Energy consumption is one of the major drains on companies’ turnovers, and many organisations are looking at how renewable energy can reduce their spend, and increase their sustainability. With a focus on working towards ‘energy resilience’ being high on the agenda for many businesses, corporations could be leading the way in going green in the UK. Stuart Pearson, construction, energy, and projects lawyer at Capital Law, looks at how and why businesses are becoming more carbon-conscious.
What is energy resilience?
Energy resilience is about making sure businesses have reliable, regular supplies of energy in place – so that they can prepare and adapt to changing conditions, or recover quickly from any disruptions. It’s a type of sustainable independence, where businesses can work more greenly to use less – and supply their own – energy.
What are businesses doing to become energy resilient?
Many big organisations are becoming more and more conscious of their carbon footprint, and how that ties into sustainability and innovation. They’re taking all types of steps to ensure a greener, secure energy supply.
The Royal Mint, for example – which uses huge amounts of energy a year, over 42Gwh of electricity in 2016 – has reasonably turned its hand to a more sustainable approach. Where it previously used solar panels to generate lots of its energy, it’s now installed a daffodil-themed wind turbine to generate more electricity – enough to supply its entire visitor centre, The Royal Mint Experience.
Smaller companies, too, are taking steps to work more efficiently. Packexe, a business that makes film products for emergency services and the medical and construction industries, which it exports around the world, has recently installed solar panels to its 15k sq ft roof – which will ultimately pay for themselves in the saving it’ll make on energy costs.
Why is it important for them to do so?
Working towards energy resilience is good for business – whatever the size of the organisation involved. Aside from the obvious benefits of cost-saving and security in the event of a power failure, there are wider positive implications, too.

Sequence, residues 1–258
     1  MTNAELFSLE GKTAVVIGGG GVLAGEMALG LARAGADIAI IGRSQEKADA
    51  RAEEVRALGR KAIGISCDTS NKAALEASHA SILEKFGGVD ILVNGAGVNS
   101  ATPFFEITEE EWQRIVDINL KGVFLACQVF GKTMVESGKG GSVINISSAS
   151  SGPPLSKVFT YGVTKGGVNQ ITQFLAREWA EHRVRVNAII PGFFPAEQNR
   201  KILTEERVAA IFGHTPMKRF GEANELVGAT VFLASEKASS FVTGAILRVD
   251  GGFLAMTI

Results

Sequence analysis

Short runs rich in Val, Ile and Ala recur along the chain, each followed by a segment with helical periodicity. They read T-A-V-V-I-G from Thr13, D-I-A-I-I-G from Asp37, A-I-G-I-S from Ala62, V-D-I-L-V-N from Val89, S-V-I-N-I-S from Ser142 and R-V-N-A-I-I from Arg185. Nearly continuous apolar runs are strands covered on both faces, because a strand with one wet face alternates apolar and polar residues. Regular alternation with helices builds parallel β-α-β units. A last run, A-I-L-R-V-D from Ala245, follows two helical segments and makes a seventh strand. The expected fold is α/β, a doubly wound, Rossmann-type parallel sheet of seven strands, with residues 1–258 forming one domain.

People – employees, suppliers, clients – have come to expect that businesses will work as responsibly as they can, and that includes considering their environmental impact. Having a good policy that’s treated genuinely, with senior members of organisations involved, is good for both recruitment and retention. Consumers, too, are attracted to businesses that are environmentally conscious – so any business that can demonstrate that it’s actively reducing its carbon footprint will be a step ahead of its competitors. For organisations like professional services firms, who tender for work, it’s important to be able to show a commitment to sustainability – and putting an energy resilience strategy in place can help this.
What steps can businesses take to becoming more energy resilient?
Obviously, not all organisations have the space, money, or time to put up their own wind turbine. But, there are lots of smaller steps that can add up to make a real difference, both in terms of cost-saving, and wider sustainability.
At Capital, we’ve started with the small, everyday things – like making sure all of our office floors have food waste bins, ensuring that our coffee cups and grounds are fully compostable, re-upholstering or sourcing second-hand furniture, swapping our plastic milk and water bottles for recyclable glass, and joining up to the cycle to work scheme so that our colleagues can get to work in an eco-friendly way, that’s also good for their health and wellbeing. We’ve also got some bigger changes planned – like refitting all of our lights to energy efficient LED, and putting in a power supply clock that’ll shut down our machines automatically during certain hours. These are changes that businesses of all sizes can make systematically.
Energy resilience doesn’t have to be dramatic – it’s the smaller swaps that can make a real difference over time, and embedding it into your working practice can help boost sustainability overall. The bigger the company, the bigger the difference that those small changes – like swapping regular lightbulbs for energy efficient ones – will make. But, even companies who’re just starting up can boost their energy resilience and sustainability by taking these smaller steps, too.
Energy resilience, efficiency, and sustainability should be firmly on the agenda for businesses of all shapes and sizes. In Wales, the Future Generations Act focuses on acting today for a better tomorrow – and energy resilience is a huge part of that. The legal framework that’s in place means businesses and organisations are compelled to consider the future, and plan for sustainability for the next generations. Organisations like Cynnal Cymru, too, encourage and reward organisations that are actively upping their sustainability, and trying to work greener. With the benefits – both the financial saving, and the social and community impact – clear, it makes sense for businesses and commercial organisations to lead the charge for energy resilience.
Stuart Pearson is construction, energy, and projects lawyer at Cardiff and London based law firm Capital Law www.capital-law.co.uk